The cervical spine begins just below the skull and extends down to about shoulder level. It contains the first seven vertebrae of the spine. These vertebrae are smaller and more mobile than those in the rest of the spine.
The cervical spine is unusual in another way as well. Unlike the rest of the spine, the vertebrae of the cervical spine contain openings that allow arteries to pass through and carry blood to the brain.
The first two segments at the top of the cervical spine, called the atlas and the axis, are shaped differently than the other vertebrae. The atlas (first vertebra) is more like a ring, and the axis (second vertebra) has a bony knob on top. The knob of the axis pivots in the atlas, allowing the neck to rotate. The next five vertebrae also provide large degrees of motion, but it is primarily side-to-side bending.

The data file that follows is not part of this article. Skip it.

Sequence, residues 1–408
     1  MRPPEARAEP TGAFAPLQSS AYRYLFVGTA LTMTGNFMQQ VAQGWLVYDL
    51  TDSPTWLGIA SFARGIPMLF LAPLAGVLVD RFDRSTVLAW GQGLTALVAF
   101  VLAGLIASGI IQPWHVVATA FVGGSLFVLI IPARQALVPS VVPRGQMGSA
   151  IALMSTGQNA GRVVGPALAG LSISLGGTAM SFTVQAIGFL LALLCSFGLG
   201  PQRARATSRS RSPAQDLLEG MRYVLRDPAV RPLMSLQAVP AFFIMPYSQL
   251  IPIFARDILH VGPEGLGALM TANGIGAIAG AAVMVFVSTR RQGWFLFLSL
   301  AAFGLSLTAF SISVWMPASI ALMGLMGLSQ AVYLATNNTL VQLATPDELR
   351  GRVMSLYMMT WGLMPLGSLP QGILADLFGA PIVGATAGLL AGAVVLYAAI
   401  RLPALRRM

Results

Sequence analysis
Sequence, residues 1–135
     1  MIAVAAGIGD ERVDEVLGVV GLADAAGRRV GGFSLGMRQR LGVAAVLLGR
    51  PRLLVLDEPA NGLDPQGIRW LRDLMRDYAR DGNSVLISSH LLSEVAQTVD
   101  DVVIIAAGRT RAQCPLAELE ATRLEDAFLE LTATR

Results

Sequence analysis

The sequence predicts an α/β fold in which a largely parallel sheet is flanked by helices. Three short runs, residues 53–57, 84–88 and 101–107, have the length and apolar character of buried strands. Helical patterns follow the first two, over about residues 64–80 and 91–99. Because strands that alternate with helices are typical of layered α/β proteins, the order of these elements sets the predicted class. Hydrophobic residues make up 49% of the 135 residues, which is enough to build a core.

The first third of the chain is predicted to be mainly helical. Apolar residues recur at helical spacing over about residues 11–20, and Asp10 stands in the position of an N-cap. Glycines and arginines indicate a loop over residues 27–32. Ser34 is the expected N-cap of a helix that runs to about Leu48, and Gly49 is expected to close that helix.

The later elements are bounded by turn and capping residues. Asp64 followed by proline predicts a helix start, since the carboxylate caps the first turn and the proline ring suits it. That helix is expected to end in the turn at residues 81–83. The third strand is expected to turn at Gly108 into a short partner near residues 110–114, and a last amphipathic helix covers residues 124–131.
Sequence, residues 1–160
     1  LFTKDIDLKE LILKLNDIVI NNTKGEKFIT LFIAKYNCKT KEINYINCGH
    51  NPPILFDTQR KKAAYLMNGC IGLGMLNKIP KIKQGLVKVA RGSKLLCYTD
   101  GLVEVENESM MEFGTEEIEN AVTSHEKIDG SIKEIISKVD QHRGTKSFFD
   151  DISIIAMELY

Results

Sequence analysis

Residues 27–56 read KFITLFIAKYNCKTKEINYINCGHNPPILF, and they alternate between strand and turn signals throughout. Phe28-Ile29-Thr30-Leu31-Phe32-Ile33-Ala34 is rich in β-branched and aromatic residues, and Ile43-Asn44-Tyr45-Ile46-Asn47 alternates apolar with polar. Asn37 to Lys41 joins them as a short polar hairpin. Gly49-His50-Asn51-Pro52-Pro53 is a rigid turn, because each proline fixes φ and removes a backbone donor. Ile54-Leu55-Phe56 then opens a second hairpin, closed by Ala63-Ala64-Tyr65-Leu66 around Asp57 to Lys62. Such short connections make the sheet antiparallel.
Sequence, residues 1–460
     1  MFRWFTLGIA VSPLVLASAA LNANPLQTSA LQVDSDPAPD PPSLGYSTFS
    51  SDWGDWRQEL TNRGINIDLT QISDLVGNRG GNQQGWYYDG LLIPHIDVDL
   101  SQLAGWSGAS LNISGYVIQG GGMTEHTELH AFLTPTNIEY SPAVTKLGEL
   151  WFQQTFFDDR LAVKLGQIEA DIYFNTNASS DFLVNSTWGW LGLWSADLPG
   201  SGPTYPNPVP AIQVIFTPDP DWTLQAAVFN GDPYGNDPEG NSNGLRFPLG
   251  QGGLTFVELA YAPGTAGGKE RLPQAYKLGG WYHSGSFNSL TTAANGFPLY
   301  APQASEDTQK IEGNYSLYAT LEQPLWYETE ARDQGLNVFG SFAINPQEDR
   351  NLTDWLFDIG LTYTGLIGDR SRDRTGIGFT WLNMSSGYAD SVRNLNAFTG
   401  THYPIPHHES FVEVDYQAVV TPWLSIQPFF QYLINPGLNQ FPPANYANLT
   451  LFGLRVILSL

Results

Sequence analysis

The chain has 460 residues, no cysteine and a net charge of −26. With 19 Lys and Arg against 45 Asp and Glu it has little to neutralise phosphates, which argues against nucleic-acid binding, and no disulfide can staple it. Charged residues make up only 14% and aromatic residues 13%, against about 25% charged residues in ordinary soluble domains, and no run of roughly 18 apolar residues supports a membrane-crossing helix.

Neck motions fall into four categories: rotation (side-to-side movements), flexion (chin-to-chest movements), lateral flexion (ear-to-shoulder movements), and hyperextension (looking up). These motions are made possible by the coordinated action of a series of muscle groups.
When muscles are the cause of neck pain, there is a good chance that the origin is the trapezius muscle, the sternomastoid muscle, or the scalene muscles. The trapezius is a flat, triangular muscle that covers the upper and back part of the neck and shoulders. The sternomastoid (also called the sternocleidomastoid) muscle and the three muscles known collectively as the scalene muscle group run along the side of the neck.